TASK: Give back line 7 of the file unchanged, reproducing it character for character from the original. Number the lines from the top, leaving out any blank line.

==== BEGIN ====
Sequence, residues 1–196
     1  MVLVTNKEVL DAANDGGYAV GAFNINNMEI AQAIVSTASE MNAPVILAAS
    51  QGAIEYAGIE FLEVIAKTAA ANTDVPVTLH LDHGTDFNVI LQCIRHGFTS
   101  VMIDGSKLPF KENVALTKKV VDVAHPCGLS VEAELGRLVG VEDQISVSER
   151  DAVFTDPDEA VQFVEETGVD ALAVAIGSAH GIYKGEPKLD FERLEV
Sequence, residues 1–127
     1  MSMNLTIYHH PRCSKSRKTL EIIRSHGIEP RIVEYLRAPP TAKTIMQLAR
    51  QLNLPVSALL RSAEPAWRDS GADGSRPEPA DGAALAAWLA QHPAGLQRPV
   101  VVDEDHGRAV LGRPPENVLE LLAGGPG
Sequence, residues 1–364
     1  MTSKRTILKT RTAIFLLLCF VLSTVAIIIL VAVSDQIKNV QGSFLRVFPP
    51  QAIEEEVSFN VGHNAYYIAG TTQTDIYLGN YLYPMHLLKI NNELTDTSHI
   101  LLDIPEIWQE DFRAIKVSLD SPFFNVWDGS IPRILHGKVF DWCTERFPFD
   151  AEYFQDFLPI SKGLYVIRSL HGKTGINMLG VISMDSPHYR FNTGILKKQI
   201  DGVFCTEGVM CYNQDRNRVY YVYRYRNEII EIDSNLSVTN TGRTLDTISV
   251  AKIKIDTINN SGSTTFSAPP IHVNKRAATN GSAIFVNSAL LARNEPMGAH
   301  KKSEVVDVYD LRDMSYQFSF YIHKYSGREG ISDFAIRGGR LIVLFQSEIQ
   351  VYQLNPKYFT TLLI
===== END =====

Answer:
     1  MSMNLTIYHH PRCSKSRKTL EIIRSHGIEP RIVEYLRAPP TAKTIMQLAR